This may sound a little strange, but in my self defense and F.A.S.T defense classes, I teach a funny little drill for that. I tell the students when they first wake up in the A.M. say 3 things (out loud if they can.)

1. their name (first and last)
2. the date
3. the day
...
I learned something similar in some training I had, years ago. It was a two-week camp and we were not allowed to speak. We had to do team problem-solving exercises, hand-to-hand, and bladed weapons drills. Some of the defense drills were in the middle of the night, so we had to fight from a dead sleep. I broke more than a few tent poles trying to clear my tent and my bag.

What I learned was that our depth of sleep oscillates during the night from deep, paralyzing sleep to just below consciousness. How quickly you are able to respond, and what you have to do to become effective, are dependent on where you are in your sleep cycle. It also reinforced the importance of a layered perimeter defense to buy you time. The fundamentals still apply.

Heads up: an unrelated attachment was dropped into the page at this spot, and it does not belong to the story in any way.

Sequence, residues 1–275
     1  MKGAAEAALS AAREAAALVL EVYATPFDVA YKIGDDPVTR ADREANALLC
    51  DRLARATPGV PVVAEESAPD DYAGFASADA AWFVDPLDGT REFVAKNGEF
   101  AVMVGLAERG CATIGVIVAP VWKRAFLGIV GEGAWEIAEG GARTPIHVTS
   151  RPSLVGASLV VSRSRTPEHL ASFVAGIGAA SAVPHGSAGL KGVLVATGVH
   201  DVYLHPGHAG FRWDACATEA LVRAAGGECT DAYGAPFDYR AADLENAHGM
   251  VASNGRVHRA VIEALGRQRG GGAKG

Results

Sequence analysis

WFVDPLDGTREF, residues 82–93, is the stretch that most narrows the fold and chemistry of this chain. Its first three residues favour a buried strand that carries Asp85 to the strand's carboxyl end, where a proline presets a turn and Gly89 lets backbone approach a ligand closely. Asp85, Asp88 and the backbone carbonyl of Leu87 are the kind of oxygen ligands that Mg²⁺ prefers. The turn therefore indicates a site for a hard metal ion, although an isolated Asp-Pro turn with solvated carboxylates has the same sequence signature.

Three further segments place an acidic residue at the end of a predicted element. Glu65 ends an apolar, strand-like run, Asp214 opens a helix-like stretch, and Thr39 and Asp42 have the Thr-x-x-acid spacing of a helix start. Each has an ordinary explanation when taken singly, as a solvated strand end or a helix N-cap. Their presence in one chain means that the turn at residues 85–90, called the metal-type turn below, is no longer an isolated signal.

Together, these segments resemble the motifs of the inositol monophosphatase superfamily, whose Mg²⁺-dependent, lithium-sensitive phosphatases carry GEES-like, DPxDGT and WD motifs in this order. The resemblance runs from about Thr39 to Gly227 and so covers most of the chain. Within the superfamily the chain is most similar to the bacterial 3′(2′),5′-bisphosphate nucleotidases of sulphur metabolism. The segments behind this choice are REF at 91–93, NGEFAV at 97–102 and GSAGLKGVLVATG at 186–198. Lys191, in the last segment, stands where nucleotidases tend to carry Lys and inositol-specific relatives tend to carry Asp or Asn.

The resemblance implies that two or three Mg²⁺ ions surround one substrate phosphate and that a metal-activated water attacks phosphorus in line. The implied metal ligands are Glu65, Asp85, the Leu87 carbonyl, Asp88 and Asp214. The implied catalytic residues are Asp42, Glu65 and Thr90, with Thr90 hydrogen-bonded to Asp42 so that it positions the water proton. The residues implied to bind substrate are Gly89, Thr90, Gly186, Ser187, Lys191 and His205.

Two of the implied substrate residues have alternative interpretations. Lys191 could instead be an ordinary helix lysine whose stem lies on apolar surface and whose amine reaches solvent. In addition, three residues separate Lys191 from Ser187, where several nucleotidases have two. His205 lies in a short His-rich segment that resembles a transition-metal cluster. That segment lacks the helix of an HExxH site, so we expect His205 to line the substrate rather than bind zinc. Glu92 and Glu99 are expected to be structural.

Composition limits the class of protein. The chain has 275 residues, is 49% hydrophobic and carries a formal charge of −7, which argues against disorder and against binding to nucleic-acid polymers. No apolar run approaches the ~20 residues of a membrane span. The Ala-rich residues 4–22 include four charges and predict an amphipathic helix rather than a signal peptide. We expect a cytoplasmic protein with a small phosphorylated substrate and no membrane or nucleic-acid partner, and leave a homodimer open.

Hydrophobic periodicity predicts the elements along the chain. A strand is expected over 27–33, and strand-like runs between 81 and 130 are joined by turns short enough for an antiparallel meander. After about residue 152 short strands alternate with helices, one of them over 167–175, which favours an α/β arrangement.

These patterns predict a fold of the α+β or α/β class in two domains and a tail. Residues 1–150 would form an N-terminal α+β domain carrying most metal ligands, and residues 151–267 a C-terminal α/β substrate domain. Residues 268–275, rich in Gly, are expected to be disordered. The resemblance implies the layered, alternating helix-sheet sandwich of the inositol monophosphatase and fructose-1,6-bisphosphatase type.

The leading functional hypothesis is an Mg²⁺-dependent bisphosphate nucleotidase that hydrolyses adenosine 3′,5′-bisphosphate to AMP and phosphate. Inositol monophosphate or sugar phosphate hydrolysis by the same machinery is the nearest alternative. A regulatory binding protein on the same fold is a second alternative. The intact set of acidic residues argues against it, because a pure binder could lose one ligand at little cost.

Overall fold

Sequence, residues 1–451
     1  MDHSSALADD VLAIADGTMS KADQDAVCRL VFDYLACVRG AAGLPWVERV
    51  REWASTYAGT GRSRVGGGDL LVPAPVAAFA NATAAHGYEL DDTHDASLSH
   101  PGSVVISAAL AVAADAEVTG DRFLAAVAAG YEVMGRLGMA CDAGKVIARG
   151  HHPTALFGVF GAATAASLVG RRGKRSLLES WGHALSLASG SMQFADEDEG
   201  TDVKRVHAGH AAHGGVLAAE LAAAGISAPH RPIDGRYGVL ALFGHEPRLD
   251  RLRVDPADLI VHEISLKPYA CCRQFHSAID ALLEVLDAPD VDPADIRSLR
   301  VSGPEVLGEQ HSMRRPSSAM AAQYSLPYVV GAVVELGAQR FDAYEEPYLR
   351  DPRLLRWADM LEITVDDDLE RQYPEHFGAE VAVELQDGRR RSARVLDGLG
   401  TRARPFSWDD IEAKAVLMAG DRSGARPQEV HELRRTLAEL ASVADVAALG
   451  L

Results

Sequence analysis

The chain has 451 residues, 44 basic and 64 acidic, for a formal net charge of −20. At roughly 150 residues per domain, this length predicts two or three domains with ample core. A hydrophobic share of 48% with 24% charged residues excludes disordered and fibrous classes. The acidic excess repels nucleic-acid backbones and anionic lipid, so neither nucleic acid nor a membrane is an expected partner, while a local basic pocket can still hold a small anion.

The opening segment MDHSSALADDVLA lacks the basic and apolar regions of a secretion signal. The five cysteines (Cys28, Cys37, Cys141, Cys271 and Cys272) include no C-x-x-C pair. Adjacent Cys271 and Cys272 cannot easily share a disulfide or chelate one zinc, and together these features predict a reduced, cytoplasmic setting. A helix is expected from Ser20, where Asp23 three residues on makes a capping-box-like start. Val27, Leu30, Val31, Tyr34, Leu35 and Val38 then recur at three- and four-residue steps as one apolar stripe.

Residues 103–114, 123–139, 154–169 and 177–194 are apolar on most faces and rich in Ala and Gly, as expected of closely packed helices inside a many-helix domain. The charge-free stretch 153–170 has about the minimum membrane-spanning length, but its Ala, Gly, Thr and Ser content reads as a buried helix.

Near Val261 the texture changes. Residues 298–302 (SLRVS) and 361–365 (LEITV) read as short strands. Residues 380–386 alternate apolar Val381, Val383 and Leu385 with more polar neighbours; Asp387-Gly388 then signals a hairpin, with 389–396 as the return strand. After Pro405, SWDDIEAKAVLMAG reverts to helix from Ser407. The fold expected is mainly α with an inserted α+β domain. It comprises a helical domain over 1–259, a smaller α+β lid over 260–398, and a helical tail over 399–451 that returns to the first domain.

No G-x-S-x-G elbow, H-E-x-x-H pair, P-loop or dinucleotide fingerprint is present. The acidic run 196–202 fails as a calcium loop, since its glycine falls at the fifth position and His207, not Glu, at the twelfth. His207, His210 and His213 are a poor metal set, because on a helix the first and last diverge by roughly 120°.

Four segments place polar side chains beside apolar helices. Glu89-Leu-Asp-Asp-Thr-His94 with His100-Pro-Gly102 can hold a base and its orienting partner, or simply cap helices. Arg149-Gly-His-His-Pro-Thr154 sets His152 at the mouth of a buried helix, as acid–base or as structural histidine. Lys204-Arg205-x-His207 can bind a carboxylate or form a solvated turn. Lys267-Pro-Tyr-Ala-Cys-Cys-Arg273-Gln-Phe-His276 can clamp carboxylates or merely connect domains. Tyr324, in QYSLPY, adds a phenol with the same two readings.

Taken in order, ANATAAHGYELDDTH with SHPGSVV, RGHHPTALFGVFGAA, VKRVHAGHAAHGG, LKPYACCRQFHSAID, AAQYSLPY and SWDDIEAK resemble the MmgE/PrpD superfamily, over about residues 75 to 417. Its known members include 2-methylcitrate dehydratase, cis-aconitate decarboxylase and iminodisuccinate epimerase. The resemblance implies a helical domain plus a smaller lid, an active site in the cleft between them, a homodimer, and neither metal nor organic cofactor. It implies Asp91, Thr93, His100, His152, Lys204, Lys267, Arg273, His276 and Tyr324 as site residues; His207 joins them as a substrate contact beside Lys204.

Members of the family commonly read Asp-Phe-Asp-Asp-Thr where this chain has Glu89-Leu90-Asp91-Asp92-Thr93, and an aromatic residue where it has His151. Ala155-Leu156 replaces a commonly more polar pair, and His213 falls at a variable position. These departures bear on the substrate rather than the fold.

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Tom357 said:
What I learned was that our depth of sleep oscillates during the night from deep, paralyzing sleep to just below consciousness. How quickly you are able to respond, and what you have to do to become effective, are dependent on where you are in your sleep cycle. It also reinforced the importance of a layered perimeter defense to buy you time. The fundamentals still apply.
True. When I was working EMS, I could cat-nap and/or come out of a deep sleep in-motion. However. The first few months I was married were hell, because each time my wife moved, I was wide awake. Very much a matter of conditioning; its a lot harder to now. (The difference between 20 and 30 has nothing to do with it either, I know :rolleyes: )